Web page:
The Big Picture by Edward Jay Epstein
The New Logic of Money and Power in Hollywood

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Synopsis

During the heyday of the studio system spanning the 1930s, ‘40s, and ‘50s, virtually all the American motion picture industry’s money, power, and prestige came from a single activity: selling tickets at the box office. Today, the movie business is just a small, highly visible outpost in a media universe controlled by six corporations–Sony, Time Warner, NBC Universal, Viacom, Disney, and NewsCorporation. These conglomerates view films as part of an immense, synergistic, vertically integrated money-making industry.

In The Big Picture, acclaimed writer Edward Jay Epstein gives an unprecedented, sweeping, and thoroughly entertaining account of the real magic behind moviemaking: how the studios make their money. Epstein shows how, in Hollywood, the only art that matters is the art of the deal: major films turn huge profits, not from the movies themselves but through myriad other enterprises, such as video-game spin-offs, fast-food tie-ins, soundtracks, and even theme-park rides.

The studios may compete with one another for stars, publicity, box-office
receipts, and Oscars; their corporate parents, however, make fortunes
from cooperation (and collusion) with one another in less glamorous markets, such as cable, home video, and pay-TV.

But money is only part of the Hollywood story; the social and political milieus–power, prestige, and status–tell the rest. Alongside remarkable financial revelations, The Big Picture is filled with eye-opening true Hollywood insider stories. We learn how the promise of free cowboy boots for a producer delayed a major movie’s shooting schedule; why stars never perform their own stunts, despite what the supermarket tabloids claim; how movies intentionally shape political sensibilities, both in America and abroad; and why fifteen-year-olds dictate the kind of low-grade fare that has flooded screens across the country.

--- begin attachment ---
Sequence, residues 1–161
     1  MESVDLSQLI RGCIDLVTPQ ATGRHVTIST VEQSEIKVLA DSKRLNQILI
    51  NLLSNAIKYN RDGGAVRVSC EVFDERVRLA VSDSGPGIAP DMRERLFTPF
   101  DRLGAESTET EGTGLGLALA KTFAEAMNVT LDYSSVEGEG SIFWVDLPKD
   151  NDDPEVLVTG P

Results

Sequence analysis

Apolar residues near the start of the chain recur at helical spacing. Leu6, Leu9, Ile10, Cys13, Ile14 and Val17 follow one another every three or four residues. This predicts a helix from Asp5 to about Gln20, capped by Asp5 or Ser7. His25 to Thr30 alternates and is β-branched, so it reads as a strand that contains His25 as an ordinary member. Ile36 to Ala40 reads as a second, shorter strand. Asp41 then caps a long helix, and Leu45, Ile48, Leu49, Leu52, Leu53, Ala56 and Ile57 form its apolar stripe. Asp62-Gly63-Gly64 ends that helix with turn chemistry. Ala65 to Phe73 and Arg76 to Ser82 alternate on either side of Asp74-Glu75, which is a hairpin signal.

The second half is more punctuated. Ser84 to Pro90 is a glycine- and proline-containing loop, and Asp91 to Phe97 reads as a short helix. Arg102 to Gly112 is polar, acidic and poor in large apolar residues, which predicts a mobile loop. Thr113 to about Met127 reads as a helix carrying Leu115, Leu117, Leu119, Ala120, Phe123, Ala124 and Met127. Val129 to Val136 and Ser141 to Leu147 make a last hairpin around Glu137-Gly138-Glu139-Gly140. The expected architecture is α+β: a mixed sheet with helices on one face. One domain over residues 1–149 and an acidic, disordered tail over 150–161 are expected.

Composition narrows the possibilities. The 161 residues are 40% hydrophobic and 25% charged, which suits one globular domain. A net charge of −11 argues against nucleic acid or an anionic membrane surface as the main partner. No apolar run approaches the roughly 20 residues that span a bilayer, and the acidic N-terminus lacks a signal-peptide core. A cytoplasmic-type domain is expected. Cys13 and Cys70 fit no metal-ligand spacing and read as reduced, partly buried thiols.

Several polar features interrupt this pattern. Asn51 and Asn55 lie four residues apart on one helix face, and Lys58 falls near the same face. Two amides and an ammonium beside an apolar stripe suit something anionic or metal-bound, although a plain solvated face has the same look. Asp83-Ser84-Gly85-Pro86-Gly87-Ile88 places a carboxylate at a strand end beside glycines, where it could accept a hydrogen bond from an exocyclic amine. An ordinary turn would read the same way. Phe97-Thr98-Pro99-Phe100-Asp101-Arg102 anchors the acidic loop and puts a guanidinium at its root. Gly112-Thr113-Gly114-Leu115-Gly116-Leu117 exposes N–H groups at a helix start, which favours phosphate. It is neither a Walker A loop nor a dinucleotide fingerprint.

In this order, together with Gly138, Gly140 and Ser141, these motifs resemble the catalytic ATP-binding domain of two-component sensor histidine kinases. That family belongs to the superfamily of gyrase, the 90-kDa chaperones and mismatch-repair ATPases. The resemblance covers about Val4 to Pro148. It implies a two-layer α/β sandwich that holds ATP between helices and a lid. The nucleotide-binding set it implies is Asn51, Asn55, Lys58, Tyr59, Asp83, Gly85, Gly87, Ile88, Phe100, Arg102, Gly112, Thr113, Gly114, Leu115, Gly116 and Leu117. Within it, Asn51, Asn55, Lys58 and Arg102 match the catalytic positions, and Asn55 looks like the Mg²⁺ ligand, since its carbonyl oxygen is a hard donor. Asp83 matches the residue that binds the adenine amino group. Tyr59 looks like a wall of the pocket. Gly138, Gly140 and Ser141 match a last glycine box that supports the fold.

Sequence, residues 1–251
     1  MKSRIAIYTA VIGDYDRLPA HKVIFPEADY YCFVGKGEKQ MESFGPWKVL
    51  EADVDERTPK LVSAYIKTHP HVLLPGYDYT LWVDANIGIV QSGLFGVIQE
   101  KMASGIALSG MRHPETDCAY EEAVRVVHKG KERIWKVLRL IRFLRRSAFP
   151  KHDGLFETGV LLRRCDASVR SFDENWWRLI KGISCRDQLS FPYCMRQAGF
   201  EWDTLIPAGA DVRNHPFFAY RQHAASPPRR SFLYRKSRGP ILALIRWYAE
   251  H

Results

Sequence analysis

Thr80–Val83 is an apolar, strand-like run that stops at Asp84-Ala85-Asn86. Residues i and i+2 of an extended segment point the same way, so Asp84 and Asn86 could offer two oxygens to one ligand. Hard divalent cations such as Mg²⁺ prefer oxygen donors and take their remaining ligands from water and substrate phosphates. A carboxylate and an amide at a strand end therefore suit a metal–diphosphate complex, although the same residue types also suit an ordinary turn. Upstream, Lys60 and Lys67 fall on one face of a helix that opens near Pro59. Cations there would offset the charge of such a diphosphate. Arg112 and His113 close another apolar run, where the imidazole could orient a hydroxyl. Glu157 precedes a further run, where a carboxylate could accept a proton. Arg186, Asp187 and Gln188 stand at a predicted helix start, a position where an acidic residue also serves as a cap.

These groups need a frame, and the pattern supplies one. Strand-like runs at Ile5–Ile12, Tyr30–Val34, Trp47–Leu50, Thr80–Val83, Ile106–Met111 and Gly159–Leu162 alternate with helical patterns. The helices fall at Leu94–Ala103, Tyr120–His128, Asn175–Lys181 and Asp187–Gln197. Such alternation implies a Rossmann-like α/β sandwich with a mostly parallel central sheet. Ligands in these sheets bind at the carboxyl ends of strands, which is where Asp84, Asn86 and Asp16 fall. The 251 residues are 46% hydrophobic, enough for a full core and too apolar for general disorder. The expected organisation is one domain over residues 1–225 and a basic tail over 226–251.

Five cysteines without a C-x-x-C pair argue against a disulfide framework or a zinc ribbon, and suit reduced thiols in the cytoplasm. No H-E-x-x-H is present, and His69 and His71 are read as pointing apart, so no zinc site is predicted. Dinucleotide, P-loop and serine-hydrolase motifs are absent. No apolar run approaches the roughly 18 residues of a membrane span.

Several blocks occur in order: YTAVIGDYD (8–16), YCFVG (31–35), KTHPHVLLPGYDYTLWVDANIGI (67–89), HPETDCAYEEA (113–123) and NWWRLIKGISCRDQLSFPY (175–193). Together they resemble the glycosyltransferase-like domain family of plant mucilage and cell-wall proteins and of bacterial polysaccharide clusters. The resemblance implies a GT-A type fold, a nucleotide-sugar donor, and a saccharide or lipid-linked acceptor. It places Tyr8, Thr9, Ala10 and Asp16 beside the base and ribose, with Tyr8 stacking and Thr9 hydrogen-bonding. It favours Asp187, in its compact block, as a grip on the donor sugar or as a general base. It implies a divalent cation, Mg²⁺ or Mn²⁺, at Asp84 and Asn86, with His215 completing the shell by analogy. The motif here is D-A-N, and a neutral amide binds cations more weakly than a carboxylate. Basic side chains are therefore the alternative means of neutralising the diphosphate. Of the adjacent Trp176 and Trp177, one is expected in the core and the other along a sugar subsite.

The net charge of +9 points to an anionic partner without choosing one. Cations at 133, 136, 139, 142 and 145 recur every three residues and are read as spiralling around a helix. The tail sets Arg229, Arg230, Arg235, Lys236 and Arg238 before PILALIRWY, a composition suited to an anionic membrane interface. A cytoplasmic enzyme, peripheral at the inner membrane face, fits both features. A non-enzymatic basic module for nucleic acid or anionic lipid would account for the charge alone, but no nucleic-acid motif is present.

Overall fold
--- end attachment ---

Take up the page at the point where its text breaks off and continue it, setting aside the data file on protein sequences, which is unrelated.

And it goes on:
Epstein also offers incisive profiles of the pioneers, including Louis B. Mayer, who helped build Hollywood, and introduces us to the visionaries–Walt Disney, Akio Morita, Rupert Murdoch, Steve Ross, Sumner Redstone, David Sarnoff–power brokers who, by dint of innovation and deception, created and control the media that mold our lives. If you are interested in Hollywood today and the complex and fascinating way it has evolved in order to survive, you haven’t seen the big picture until you’ve read The Big Picture.


From the Hardcover edition.
 

About Edward Jay Epstein

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Edward Jay Epstein, who wrote the "Hollywood Economist" column for Slate, is the author of The Big Picture: Money and Power in Hollywood, as well as many other books. He has written for the Wall Street Journal, Vanity Fair, The New York Times Magazine, and The New Yorker, and he lives in New York City. His website is edwardjayepstein.com
 
Published February 15, 2005 by Random House. 416 pages
Genres: Business & Economics, Humor & Entertainment, Arts & Photography. Non-fiction

Unrated Critic Reviews for The Big Picture

Kirkus Reviews

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These largely inhuman product packages make billions—and films like Gentleman’s Agreement are gone with the wind.

Dec 15 2004 | Read Full Review of The Big Picture: The New Logi...

The New York Times

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Epstein gets us closer than most to a comprehension of the movie world's numbers games, but he doesn't quite take the final step of putting it all together in terms that residents of the real world can grasp.

Mar 20 2005 | Read Full Review of The Big Picture: The New Logi...

Entertainment Weekly

This one could not be more complete — or readable — covering everything from the basic linguistics of the business (''pitch,'' ''greenlight,'' ''creative differences,'' all the studio-speak buzzwords are in here) to elementary film-industry economics (it's all about DVD sales) to the psycho-soci...

Feb 16 2005 | Read Full Review of The Big Picture: The New Logi...

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